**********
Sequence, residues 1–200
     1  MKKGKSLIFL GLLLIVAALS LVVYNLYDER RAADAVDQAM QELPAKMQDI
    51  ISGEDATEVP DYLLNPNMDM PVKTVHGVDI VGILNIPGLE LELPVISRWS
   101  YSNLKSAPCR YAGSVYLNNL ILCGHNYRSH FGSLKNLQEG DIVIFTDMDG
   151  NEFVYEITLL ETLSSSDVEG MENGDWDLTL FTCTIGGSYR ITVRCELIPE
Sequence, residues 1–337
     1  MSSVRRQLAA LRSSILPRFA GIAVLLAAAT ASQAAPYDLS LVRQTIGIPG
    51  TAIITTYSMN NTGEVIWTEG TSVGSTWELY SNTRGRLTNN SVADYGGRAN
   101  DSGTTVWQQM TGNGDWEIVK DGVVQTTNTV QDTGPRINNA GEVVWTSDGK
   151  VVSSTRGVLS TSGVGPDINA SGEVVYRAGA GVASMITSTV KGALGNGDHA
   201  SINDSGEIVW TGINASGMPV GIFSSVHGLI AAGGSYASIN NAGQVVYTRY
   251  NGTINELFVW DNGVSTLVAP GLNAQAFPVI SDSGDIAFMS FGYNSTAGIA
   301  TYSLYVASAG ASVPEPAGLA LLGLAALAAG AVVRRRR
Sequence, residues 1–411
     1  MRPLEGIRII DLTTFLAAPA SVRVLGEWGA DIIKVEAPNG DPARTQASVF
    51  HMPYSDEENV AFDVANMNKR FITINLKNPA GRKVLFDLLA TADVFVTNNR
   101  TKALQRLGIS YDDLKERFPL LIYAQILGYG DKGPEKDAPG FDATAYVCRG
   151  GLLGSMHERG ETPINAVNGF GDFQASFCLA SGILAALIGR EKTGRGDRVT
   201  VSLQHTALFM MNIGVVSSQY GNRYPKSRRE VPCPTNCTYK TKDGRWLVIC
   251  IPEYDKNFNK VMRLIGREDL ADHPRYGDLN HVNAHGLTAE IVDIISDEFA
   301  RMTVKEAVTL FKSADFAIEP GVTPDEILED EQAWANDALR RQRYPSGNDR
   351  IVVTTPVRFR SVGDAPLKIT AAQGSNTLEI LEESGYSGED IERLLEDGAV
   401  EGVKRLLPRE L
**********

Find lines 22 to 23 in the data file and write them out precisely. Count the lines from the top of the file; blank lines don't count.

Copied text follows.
   351  IVVTTPVRFR SVGDAPLKIT AAQGSNTLEI LEESGYSGED IERLLEDGAV
   401  EGVKRLLPRE L